Better Urban Planning? - Part 1: New Zealand today
Planning is a surprisingly hot issue at the moment. From the housing crisis to the Unitary Plan, water quality to public transport, everyone suddenly seems to care about how our cities function. The government is certainly taking an interest, too. So much so that it has three separate reviews of planning and RMA issues going on.
It’s an interesting report in a number of ways. It’s completely ground up, reviewing the history and rationale of city planning, and the economic and social trends of New Zealand’s cities. The terms of reference are to “review New Zealand’s urban planning system and to identify, from first principles, the most appropriate system for allocating land use through this system to support desirable social, economic, environmental and cultural outcomes” - a pretty big job!
The report proposes some fairly big changes to the way we plan. I’ve been reading through, and there’s quite a lot that’s interesting. There’s no new research, but there’s a lot people may not have heard of, and some interesting syntheses of existing information. However, the report is north of 400 pages, so I’ve summed up some of the best parts here. Even then, there’s a lot to cover, so I’ve split this up into several parts. This is part 1.
Where are we now?
New Zealand is a highly urbanised country, and like the rest of the world, is only getting more urbanised. But in part this depends how we define “urban”. According to our own definition, 86% of New Zealanders live in urban areas. But if we use the standard definitions for other countries, we’re actually less urban than the average OECD country.
That said, more than 70% of New Zealanders live in cities larger than 50,000 people. One third live in Auckland (p20).
Why is this so? There are huge benefits to cities, called agglomeration benefits. Proximity and population lower the cost of doing business. A larger population means a bigger pool of jobs to choose from, and expands the range of goods and services and other amenities you can enjoy. Economies of scale mean that providing public and private services is cheaper when the fixed costs can be spread wider. People can change jobs more easily, and couples can more easily find jobs for both partners (p22).
But agglomeration is not all positive. There are costs to size, such as extra air and water pollution, traffic congestion, and higher prices for some goods, particularly housing. Part of the goal of city planning is to reduce the downsides of scale while increasing the benefits.
The costs and benefits of cities can be subjective, and depend on people’s individual preferences. Different people will make different tradeoffs. There are some stark illustrations of this. In general, more people move from Wellington, Hamilton and Christchurch to Auckland than go the opposite way. Yet Auckland in turn loses more migrants to the small towns and cities in the rest of New Zealand than move to the big smoke (p69).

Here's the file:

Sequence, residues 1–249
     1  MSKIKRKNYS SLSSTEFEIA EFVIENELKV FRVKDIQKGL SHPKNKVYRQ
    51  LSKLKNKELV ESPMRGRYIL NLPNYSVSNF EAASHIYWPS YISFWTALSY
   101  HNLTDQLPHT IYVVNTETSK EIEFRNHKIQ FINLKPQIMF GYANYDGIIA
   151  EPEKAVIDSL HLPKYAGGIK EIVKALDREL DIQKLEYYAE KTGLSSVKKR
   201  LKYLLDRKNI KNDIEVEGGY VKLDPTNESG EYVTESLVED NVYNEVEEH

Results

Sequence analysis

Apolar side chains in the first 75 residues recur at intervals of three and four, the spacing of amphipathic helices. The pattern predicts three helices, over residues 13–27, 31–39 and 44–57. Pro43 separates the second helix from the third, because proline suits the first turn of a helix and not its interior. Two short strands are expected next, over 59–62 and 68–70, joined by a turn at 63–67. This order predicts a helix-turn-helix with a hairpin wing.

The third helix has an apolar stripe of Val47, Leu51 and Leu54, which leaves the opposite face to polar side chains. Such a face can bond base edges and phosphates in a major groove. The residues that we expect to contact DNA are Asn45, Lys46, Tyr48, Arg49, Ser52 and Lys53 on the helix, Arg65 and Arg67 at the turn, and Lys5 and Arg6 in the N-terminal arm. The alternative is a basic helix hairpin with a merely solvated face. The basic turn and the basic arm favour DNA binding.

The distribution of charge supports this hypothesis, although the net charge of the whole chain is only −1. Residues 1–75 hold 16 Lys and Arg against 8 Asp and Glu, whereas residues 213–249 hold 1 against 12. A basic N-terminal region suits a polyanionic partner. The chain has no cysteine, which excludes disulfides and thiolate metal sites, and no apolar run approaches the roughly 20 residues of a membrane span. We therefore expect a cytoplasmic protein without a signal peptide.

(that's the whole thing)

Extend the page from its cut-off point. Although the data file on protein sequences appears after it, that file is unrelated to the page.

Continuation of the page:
But Auckland continues to boom. Auckland’s population is younger than the rest of the country, and has a higher birth rate. “Auckland is unique in that it is larger, younger, denser, faster growing and more ethnically diverse than most other [NZ] cities” (p64).
It’s also the destination for the bulk of international migrants, which is also a large factor in Auckland’s growth. “Over 42% of Auckland’s growth since 1996 is due to migration, compared with 15% for the rest of New Zealand” (p70).
In addition to growing more populous, our main cities are also getting denser - that is, they’re not growing out as fast as they’re adding new residents. The neighbourhood the average Aucklander lived in got 33% more dense from 2001 to 2013 . Four of our five largest cities (not Christchurch) got denser during this time. New Zealand’s cities are among the densest in Australasia, but not very dense by world standards (p74).
So does that mean we’ve been getting intensification? Councils often have a policy to encourage growth to happen by increasing the density of central areas, and increasing density across the city seems like it would mean that they are succeeding.
But actually, it hasn’t really been that way. Wellington had the majority of its growth in the central city, by transforming industrial and commercial space to residential. The other cities all got denser in a strange way. The new suburbs they built were simply much denser than existing urban areas. This has meant some weird patterns, particularly in Auckland, where outer suburbs are much more dense than inner suburbs. More than 70% of Auckland’s new dwellings were more than 10km away from the city centre (p75).
New Zealanders also tend not to be too keen on intensification. The majority prefer a larger standalone house, even if that means living farther away from town. This is particularly strong among the middle-aged. There is, however, one very interesting exception. People over 65 are the only group who are more likely to prefer a smaller house or apartment closer to the city (p80).
Some New Zealand towns and cities, particularly the smallest, aren’t growing at all, or are even shrinking. They generally have ambitious plans to reverse those declines, and generally, they haven’t worked. A few towns, however, accept that they are shrinking, and are planning with this in mind. Rangitikei District Council (which covers Bulls, Marton, and Taihape), for example, is aiming to reduce the size of its water and road networks as the demand for them reduces (p86).
Different places have different issues providing for residents. There’s also environmental issues, social, and economic factors to consider, not to mention the politics of it all.
That’s probably enough for today. In part 2 of this series, we’ll look at how New Zealand’s urban planning system deals with these challenges today.